‘Not propaganda’: RT’s Ed Schultz challenges Congress to summon him (VIDEO)
On Wednesday, Schultz ended his daily news show “The News With Ed Schultz,” with a response to the Senate Intelligence Committee, and its ranking member Senator Dianne Feinstein (D-California), who is leading the charge into an investigation focusing on Russian meddling in the 2016 election.
“I want to comment on the last two days of the Senate and House hearings on Capitol Hill focused on social media and the accusations cast about this network, RT America,” Schultz said.
The anchor elaborated, and called accusations leveled by the Senate Intelligence Committee “disgraceful.”
“We are not propaganda, and we do not take orders from any government entity involving content on RT America," Schultz said. "Furthermore, none of the journalists that work at this network have anything to do with any advertising campaign on any social network platform.”
Schultz noted that the House and Senate looking into the alleged meddling have not called on him or any other employee of RT America in to testify to Congress, after they accused the network of aiding Russia in election interference.
Schultz stated that this decision “speaks volumes” about the agenda of the House and Senate committees, and the excuses they continue to make based on the outcome of the last presidential election.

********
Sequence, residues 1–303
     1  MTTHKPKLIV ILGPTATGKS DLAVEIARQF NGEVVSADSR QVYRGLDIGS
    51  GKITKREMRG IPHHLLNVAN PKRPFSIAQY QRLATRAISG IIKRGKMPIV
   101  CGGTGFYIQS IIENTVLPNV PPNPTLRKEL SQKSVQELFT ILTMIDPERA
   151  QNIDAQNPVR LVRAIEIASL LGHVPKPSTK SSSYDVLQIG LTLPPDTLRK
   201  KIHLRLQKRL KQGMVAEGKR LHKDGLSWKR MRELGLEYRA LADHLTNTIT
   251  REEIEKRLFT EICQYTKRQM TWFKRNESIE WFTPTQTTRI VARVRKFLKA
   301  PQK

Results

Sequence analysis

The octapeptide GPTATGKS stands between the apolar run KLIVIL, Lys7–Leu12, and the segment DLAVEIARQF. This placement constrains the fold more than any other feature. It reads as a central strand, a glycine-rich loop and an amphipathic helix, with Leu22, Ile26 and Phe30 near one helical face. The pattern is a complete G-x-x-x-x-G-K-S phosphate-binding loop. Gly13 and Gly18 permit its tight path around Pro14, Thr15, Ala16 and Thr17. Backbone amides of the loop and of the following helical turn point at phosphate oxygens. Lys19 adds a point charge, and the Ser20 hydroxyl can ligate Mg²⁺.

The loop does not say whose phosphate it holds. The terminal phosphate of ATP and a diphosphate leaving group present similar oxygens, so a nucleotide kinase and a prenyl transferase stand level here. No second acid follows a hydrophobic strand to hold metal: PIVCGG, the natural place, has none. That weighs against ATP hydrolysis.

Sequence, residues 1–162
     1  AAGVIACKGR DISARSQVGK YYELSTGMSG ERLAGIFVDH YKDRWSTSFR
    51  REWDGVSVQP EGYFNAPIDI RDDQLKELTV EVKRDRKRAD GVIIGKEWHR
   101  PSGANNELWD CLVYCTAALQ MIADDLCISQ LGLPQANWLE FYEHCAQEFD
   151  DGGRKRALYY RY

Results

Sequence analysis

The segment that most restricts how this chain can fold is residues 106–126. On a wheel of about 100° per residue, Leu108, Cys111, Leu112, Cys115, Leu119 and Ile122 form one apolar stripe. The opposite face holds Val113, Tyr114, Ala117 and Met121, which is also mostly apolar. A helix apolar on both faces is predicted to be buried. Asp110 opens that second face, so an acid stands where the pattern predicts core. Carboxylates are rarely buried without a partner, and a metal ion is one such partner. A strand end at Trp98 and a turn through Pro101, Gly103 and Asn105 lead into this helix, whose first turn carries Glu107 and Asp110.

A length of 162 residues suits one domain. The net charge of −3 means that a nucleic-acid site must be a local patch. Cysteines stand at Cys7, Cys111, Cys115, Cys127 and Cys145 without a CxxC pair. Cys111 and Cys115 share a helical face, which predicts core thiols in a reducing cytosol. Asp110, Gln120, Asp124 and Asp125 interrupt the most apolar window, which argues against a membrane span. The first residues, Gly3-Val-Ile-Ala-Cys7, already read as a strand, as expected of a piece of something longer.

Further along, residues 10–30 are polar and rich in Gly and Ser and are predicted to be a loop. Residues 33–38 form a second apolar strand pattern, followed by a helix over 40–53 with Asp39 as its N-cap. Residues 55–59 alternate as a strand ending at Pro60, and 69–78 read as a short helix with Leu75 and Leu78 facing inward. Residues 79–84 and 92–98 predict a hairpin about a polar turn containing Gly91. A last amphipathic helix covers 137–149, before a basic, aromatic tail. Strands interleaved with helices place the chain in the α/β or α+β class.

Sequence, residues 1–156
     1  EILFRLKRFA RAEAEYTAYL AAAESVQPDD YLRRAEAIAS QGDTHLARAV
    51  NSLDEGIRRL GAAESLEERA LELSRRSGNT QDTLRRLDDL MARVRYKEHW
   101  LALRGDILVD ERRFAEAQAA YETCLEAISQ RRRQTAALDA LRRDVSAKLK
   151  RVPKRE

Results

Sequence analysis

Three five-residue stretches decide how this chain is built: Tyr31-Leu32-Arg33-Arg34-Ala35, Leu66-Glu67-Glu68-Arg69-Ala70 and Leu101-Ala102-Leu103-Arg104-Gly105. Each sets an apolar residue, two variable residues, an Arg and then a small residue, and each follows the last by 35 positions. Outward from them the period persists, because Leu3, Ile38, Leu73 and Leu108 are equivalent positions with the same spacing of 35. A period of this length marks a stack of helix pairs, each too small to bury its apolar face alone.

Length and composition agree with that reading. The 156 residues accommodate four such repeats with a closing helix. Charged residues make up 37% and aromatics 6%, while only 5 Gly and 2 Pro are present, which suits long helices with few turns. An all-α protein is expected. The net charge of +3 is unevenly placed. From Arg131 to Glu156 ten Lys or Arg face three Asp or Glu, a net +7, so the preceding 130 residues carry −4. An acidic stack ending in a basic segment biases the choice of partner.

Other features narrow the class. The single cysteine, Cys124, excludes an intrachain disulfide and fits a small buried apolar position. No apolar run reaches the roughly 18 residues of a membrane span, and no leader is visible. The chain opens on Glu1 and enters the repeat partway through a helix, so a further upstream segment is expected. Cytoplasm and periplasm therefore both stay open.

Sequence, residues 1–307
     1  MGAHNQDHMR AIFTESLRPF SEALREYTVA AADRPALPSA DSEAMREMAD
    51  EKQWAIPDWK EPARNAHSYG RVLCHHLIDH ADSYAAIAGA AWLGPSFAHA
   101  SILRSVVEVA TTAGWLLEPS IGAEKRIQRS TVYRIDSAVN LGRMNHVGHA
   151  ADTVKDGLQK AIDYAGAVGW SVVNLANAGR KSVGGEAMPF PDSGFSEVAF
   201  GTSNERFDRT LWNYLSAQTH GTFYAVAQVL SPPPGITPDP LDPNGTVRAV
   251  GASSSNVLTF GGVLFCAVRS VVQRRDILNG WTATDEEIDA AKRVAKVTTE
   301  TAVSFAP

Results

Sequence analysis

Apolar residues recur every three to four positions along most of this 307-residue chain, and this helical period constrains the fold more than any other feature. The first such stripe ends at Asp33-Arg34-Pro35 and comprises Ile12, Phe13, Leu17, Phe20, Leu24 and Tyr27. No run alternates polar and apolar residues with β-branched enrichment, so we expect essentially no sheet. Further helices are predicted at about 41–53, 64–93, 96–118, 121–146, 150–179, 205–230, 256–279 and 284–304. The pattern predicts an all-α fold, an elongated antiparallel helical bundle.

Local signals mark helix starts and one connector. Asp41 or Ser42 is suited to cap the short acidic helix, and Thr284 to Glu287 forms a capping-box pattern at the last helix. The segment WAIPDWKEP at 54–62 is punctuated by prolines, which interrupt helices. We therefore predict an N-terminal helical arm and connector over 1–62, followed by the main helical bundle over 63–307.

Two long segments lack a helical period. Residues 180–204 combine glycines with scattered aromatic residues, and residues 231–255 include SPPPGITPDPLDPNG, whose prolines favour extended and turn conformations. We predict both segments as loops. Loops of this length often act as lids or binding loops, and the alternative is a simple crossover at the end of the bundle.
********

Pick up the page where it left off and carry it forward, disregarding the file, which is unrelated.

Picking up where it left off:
The anchor also pointed to the United States’ history of election meddling in other countries, and cited a commercial cut by former President Barack Obama in France to support then-French presidential candidate Emmanuel Macron, ahead of France’s election. In the commercial Obama is seen instructing the people of France how to vote.
Schultz wasn’t done, though. He proceeded to call out Senator Dianne Feinstein (D-California) for her leading role in the election interference investigation.
“The Senate Intelligence Committee, that's what they're called? Really? Senator Dianne Feinstein should be ashamed of her ignorance, not knowing what impressions are,” Schultz said.
The anchor ended his thoughts on the situation by expressing doubt in lawmakers’ capacity to regulate social media.
“The American people are supposed to count on them for judgment on what to do about social media in this country? They should do their job and work for the American people, and talk to the people who are really involved,” he said.
On October 26, Twitter banned RT, and another news outlet called Sputnik, from advertising on its platform.
The social media company said in a blog post that the decision was made based on, among other things, the “US intelligence communities conclusion that both RT and Sputnik attempted to interfere with the election.”